I spent almost 3 weeks in Ubud – crazy to think that in America, this would’ve been an entire holiday for the year. In which case, I probably would’ve maximized the time much more with visits to temples, swimming in waterfalls, climbing up local volcanoes, and other tours that are offered by locals on the street with their laminated, faded posters. But actually, I have done none of that. Not even a little bit. Not because I don’t have the money or time, but because I’m here for something else.
Ubud is the spiritual mecca of the incredibly spiritual island of Bali. It’s also where the film Eat, Pray, Love is based (it’s the “love” segment). But that’s not why I’m here either. At least not in the relationship sense, but a self love sense. I love myself a lot already, in a beautiful and real way. But – there’s a shit ton of healing that I (and really, everyone) needs – most of which, we aren’t even aware of. I cannot imagine a better place to do that than in Ubud. And so, today and every day here is for healing, and this is what it’s made of:
I wake up at 6 a.m. and rise with the sun. Crazy since usually I’m grumpy AF in the morning. But when it’s not work that I have to get up and go to, somehow, it feels easier. Exciting almost. I sit quietly and meditate in my hotel room, which is a small 4-plex right next to the largest and most famous yoga studio in the city, the Yoga Barn. I watch quietly as sky turns from black to pink to beige to light blue, clouds above drifting by so close I can almost touch them. The dense banana leaves outside my deck sway in the early breeze, the roosters crow, the smell of incense burning from morning offerings, and sounds of motorbikes whizzing people to work gently swirl around me. I make some herbal tea, then I’m off to yoga, walking the short 10 meters to the entrance of the yoga barn oasis. It’s a beautiful, jungly patch of heaven… you wouldn’t even know you’re in the city. I walk past the security guys who all smile genuinely and say good morning. I stroll up the wooden walkway, past a rice field and bungalows, and up to one of the five studios for class.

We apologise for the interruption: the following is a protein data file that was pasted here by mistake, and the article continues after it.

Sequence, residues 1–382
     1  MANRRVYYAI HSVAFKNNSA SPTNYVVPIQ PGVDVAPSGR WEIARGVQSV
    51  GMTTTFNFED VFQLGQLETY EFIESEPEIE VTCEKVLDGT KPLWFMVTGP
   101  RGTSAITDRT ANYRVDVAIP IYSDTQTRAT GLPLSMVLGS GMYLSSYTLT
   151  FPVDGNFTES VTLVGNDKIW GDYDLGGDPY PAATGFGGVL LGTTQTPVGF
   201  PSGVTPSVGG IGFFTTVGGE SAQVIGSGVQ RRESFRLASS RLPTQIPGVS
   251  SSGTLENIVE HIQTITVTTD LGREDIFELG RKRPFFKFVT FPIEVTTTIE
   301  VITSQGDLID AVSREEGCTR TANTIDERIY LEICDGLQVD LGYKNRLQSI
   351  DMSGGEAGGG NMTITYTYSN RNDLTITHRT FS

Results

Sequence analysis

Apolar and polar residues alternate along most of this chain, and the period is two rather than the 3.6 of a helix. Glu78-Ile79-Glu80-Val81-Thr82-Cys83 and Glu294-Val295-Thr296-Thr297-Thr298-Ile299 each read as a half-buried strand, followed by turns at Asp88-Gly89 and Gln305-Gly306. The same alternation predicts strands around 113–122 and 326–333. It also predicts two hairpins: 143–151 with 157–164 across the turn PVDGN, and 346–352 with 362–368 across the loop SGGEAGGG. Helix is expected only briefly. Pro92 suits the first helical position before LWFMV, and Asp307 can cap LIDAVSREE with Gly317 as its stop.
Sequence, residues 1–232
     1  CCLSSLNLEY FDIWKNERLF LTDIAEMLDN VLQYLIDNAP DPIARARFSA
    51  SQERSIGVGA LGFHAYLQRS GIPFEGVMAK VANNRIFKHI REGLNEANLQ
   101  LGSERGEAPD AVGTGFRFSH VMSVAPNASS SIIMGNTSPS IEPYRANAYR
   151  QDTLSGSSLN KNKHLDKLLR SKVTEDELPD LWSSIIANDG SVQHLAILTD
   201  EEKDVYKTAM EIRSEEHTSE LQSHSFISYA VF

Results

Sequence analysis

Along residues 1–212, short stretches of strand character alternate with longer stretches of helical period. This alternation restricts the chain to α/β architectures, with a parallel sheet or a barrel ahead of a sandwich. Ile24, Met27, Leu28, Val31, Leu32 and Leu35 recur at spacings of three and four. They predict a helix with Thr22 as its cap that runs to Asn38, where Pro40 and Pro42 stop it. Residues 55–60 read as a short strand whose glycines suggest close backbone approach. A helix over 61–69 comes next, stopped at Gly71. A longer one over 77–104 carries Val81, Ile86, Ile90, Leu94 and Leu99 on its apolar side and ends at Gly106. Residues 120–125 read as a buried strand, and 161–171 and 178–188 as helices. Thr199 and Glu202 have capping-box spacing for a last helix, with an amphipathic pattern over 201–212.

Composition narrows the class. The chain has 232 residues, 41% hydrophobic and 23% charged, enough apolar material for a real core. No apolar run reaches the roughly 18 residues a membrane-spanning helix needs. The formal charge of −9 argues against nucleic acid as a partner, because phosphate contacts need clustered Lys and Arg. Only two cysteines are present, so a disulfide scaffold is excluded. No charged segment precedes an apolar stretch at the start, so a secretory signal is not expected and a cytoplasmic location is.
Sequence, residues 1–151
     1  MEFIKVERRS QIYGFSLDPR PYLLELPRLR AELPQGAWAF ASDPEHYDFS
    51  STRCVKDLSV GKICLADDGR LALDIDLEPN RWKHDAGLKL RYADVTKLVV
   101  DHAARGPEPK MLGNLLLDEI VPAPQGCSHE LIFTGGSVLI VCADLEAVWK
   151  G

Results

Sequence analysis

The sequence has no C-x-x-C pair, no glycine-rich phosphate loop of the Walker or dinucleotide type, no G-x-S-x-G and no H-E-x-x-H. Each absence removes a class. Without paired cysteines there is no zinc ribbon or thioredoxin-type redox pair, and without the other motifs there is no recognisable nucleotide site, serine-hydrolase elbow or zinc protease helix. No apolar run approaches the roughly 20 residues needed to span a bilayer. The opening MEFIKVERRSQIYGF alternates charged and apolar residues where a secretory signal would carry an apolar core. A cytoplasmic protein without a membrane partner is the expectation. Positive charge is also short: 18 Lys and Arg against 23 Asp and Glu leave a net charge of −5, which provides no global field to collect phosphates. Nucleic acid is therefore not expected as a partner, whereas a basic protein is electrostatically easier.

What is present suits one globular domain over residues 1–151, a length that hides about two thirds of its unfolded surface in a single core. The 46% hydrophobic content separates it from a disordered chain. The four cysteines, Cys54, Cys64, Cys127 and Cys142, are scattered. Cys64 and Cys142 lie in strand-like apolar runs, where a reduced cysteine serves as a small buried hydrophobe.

After an hour and a half of waking my body up with a yoga flow, I sit quietly in the tropical garden and set my daily intention with repeated verbal mantras, using my mala beads given to me by my yoga teacher. Then I head back to the hotel and say hello to the local house man, Wayan, who asks “where you go? you busy?” (I asked him this once, and he has repeated it to me every time I see him. I think he’s practicing his English…). He brings me fresh fruit and tea and an amazing omelette. Vegetarian of course. I sit on my patio and journal or read – the two books on hand now are called “Prakriti – Your Ayurvedic Constitution” and “Freedom – the Courage to Be Yourself” by Osho. I spend the next few hours writing, reading, and doing research on more spiritual healing.
As if I haven’t treated myself enough up until this point, generally in the afternoon I go to a workshop or consultation (Ayurveda, astrology, spiritual guidance, energy balancing, etc.). I’m learning things like hey, I need a regimented schedule and set plans to feel in tune with myself. Hm. Sounds right (because I’m a vata – find out what your dosha is here). I’m also learning how to navigate emotionally and spiritually through past issues, most that I didn’t realize were even there (we all have them p.s.). Funny how when you allow your heart to open up and you dig deep, life shows you what you need to see. Just when you think you know, you see that you don’t know sh*t! Beautiful, really. This practice is followed by a cat nap.
The evening is prime time for a massage, and luckily, they are in abundance here. You can’t go down the road without passing at least a handful of shops, all with excellent prices ($8 for an hour massage, on average). I recently did a therapy where they drip about 5L of warm coconut oil on your forehead to open your third eye – powerful stuff! So then I’ll walk to dinner either with a friend from my yoga program, someone I’ve met here, or solo to meet new people (or I’ll sit and journal or draw mandalas). The destination is usually one of the many organic/raw/gluten free/vegan/vegetarian restaurants. Does the sound of that freak you out? They’re actually excellent! And some offer chicken and fish as well. I always end up spending more than I anticipate, because dessert is never skipped (back home, I never eat dessert… balance). The portion sizes are smaller here, allowing for extra treats. Most restaurants have an amazing plethora of juices as well, so porque no? Despite beers being the cheapest beverage on the menu, I’ve cut it out from my habits – only for certain occasions. Not drinking helps me wake up at 6 am and stay clear headed for all the healing that is going down in yoga town.
Then I hobble, stuffed, back to my room after a final stroll through the peaceful jungle of the Yoga Barn. Despite my private room having a TV, I haven’t turned it on once. Back to writing, reading, mandala making, or self massage and tea.
Reflecting on this memoir from above, I can’t help but notice how much I’ve evolved in the past few years, and particularly, from my last trip to Asia. What’s different? For one, I have the money to do whatever I really want, which currently is finding healing – like a private room versus a rowdy dorm, healthy meals versus cheap street food (although I do love this sometimes too). Also, traveling seems different now… everyone’s connected via WhatsApp. For me, its taken some of the excitement out, or maybe I’m just getting older. But all good – I’m not interested in the backpacker lifestyle right now anyway. Because most people in Ubud are here for some form of healing, so the fun is found in unique other ways – like ecstatic dance, eye gazing (yaas), cacao ceremonies, meditations, and genuine human connection.